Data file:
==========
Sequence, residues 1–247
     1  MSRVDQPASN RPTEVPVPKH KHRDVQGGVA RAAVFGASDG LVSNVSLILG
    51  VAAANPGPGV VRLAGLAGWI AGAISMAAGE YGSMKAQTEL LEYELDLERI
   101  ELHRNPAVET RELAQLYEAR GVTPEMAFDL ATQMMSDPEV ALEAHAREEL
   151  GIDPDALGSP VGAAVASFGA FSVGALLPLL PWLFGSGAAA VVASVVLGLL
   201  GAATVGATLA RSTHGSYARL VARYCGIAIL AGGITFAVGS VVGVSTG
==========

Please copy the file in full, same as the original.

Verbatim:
Sequence, residues 1–247
     1  MSRVDQPASN RPTEVPVPKH KHRDVQGGVA RAAVFGASDG LVSNVSLILG
    51  VAAANPGPGV VRLAGLAGWI AGAISMAAGE YGSMKAQTEL LEYELDLERI
   101  ELHRNPAVET RELAQLYEAR GVTPEMAFDL ATQMMSDPEV ALEAHAREEL
   151  GIDPDALGSP VGAAVASFGA FSVGALLPLL PWLFGSGAAA VVASVVLGLL
   201  GAATVGATLA RSTHGSYARL VARYCGIAIL AGGITFAVGS VVGVSTG